What a difference a month makes! Temps are settling in the 40s one week, 70s next, and then back to 40s! Snow accumulates, then melts, then falls again. Our great Mississippi rises, then falls, then floods! Just now, the crest is slipping from La Crosse into Iowa, but hover close to moderate flood levels everywhere.
Many parks are still closed, but birds are still moving along the Mississippi River flyway. They are, however, moving in fits and starts along with inclimate weather and high water. Their one necessity is the availability of food along the route. With another round of nice weather approaching Wisconsin and Minnesota, birds should be back on the move!
Our Sandhill nest is full of activity as the eggs hatched on April 29 – about a week early. Eagles are busy with their own fledglings, so check out nests for the white heads of adults busy with bringing food to the nests. Egrets and Great Blue Herons have arrived and are visible in ponds and sloughs not directly on the flooded Mississippi River. White pelicans also are checking out the smaller wetland ponds along the flooded river. We see them frequently.
Riverboats, including the Twilight, the newly restored Julia Belle Swaine, and the La Crosse Queen are all eager to start their seasons “come hell or high water!”
I will be posting several links just to remind you of what you can find on our Mississippi River at this time of year, and also on greatriver.com While I no longer post daily, our archives are filled with seasonal information!! Use the Search Button above or search through our CATEGORIES! And Happy Spring!
For Jack, who wants to know more about all the tributaries of the Mississippi River: how many there are, their names, and how long they are!
There are some 250 tributaries of the Mississippi which drain a total area of more than 1,247,000 square miles–one third of the nation’s landmass–extending from the Allegheny Mountains in the east to the Rocky Mountains in the west!
We start here with quick facts on the Mississippi River and several navigable tributaries! Please follow links for a little more depth of historical interest and to see our collection of hand-painted maps!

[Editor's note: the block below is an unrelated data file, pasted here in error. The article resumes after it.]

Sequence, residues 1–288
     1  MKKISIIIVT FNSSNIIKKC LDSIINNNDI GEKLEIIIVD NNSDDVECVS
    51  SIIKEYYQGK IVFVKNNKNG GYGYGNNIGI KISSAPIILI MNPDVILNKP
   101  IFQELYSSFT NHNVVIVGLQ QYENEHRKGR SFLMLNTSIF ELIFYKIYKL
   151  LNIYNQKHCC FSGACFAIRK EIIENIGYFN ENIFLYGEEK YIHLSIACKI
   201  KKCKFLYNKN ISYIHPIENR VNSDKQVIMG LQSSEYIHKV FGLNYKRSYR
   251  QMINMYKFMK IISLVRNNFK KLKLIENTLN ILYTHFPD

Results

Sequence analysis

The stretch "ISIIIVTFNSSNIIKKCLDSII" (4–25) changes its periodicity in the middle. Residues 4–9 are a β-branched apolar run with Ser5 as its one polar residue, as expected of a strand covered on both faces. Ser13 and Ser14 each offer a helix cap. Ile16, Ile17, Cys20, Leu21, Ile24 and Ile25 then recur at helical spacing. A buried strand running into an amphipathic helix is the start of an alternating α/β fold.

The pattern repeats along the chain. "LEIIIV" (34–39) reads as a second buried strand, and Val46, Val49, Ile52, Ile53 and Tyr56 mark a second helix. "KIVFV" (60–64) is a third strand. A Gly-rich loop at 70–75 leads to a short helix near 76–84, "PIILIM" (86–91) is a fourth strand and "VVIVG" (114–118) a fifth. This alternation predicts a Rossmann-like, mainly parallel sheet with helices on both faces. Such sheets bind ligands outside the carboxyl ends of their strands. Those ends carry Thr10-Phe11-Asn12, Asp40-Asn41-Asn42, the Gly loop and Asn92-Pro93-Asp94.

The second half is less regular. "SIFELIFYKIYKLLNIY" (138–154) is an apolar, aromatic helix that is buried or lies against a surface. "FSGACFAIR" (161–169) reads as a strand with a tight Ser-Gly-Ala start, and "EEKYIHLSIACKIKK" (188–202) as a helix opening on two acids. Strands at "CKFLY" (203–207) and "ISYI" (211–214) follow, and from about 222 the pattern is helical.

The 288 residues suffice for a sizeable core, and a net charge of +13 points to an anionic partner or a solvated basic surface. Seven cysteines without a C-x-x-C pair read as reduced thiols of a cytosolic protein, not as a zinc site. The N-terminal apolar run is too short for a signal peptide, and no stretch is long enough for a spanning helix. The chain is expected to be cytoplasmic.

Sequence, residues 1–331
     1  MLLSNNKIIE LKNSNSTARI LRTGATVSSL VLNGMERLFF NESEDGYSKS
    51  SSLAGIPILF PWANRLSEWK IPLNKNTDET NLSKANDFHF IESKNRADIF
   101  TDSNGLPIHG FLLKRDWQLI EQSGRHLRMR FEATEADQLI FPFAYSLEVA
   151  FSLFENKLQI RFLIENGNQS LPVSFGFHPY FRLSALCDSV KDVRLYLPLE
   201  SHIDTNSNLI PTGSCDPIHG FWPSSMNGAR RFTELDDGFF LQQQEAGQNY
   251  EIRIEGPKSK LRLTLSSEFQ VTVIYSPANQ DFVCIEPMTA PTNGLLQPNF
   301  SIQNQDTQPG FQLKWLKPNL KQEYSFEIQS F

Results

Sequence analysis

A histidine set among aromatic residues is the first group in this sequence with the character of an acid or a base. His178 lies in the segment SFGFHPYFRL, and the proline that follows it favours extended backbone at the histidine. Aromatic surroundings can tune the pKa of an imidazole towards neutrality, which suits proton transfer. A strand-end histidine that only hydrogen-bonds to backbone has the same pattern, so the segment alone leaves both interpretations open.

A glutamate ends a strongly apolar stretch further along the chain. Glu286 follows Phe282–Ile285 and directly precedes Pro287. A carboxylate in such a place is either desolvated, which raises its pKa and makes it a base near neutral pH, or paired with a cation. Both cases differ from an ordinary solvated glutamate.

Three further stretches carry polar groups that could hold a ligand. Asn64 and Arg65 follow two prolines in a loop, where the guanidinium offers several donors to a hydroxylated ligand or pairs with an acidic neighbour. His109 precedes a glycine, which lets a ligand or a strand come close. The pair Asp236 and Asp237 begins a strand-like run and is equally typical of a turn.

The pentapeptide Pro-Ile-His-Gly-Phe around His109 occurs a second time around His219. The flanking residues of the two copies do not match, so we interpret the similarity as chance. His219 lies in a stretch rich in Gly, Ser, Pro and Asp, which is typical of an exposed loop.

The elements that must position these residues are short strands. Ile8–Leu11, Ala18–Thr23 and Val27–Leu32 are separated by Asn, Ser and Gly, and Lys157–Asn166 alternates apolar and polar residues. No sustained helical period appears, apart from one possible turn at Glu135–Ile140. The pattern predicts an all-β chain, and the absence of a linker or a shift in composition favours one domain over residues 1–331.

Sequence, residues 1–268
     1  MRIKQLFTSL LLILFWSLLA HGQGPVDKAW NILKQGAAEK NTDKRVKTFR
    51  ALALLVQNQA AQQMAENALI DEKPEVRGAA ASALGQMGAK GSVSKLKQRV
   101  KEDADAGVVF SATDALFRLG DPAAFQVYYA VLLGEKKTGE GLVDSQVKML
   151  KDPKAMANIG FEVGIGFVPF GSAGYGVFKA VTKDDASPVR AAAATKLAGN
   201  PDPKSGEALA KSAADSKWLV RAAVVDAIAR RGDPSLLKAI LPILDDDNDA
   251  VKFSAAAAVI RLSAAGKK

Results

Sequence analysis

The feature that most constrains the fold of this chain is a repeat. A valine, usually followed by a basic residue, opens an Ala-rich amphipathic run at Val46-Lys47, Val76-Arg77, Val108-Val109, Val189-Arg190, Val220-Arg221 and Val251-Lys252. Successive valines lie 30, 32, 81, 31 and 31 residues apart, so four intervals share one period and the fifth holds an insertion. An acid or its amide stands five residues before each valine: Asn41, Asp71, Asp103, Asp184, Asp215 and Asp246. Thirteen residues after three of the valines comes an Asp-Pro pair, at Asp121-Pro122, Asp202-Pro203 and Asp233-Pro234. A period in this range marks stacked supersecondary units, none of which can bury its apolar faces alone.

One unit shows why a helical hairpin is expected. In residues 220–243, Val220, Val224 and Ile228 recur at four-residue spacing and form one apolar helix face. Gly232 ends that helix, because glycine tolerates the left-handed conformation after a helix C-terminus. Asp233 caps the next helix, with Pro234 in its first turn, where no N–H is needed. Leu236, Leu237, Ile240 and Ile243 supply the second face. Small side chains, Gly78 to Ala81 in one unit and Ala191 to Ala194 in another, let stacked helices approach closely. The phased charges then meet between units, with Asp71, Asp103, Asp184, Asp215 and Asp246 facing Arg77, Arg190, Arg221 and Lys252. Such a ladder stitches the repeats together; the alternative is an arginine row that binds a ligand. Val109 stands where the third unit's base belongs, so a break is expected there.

The Mississippi River, from its source at Lake Itasca in Minnesota, to the Gulf of Mexico, is approximately 2,348 miles long. The combined reach of the Missouri-Mississippi Rivers is 3,741 miles–a length exceeded only by the Amazon and Nile rivers. The Mississippi River has shortened by several hundred miles since the days of Mark Twain. Even today it varies 30-50 miles each year.
The widest navigable part of the Mississippi is Lake Pepin, on the Upper Mississippi, where it is approximately 2 miles wide. The average current flows from 1.2 miles per hour nearer Lake Itasca, and about 3 mi per hour nearer New Orleans. Our historic Mississippi River Ribbon Map has been a best-selling Gift for many years.
“This is a beautiful map!! My whole life is on this map! My home town, the towns where my kids live, even New Orleans, my favorite place to vacation!”
Remember the great Mississippi River Flood of 1993? It wasn’t just the Mississippi River flooding that wreaked havoc, it was that all those tributaries flooded as well! At one point, the volume of water flowing past St. Louis was eleven times the volume of Niagara Falls!! You may also want to check out our interactive map of which of the tributaries are at flood stage today! Click INTERACTIVE MAPS in the category list, right hand column, to see where the tributaries are at flood level TODAY!!
Lisa now offers her own custom ribbon map designs of both the OHIO RIVER and the Missouri River. Please click on any map image for more info on the map or the tributary. Or PHONE 888-255-7726 to order any map. Click on map images for more info on the tributaries.
THE MISSOURI RIVER is considered to be the longest stream of river in the US . The Missouri River which begins at Three Forks, Montana (elevation 4,032 feet) and flows 2,714 miles to near St. Louis, Missouri. Many people consider the Missouri to be the main reach of the Mississippi River!
The Ohio River is the second major tributary of the Mississippi. It is formed in Pittsburgh by the junction of the Allegheny and Monongahela River and travels about 980 miles to Cairo, Illinois, and the Mississippi River. Interestingly, today’s Ohio River Basin is approximately the northern extremity of the ancient shallow sea that is represented today by the Gulf of Mexico! Consider that nearly 1/3 of the nation’s water drains past the confluence of the Ohio and Mississippi rivers at Fort Defiance in Cairo, Illinois!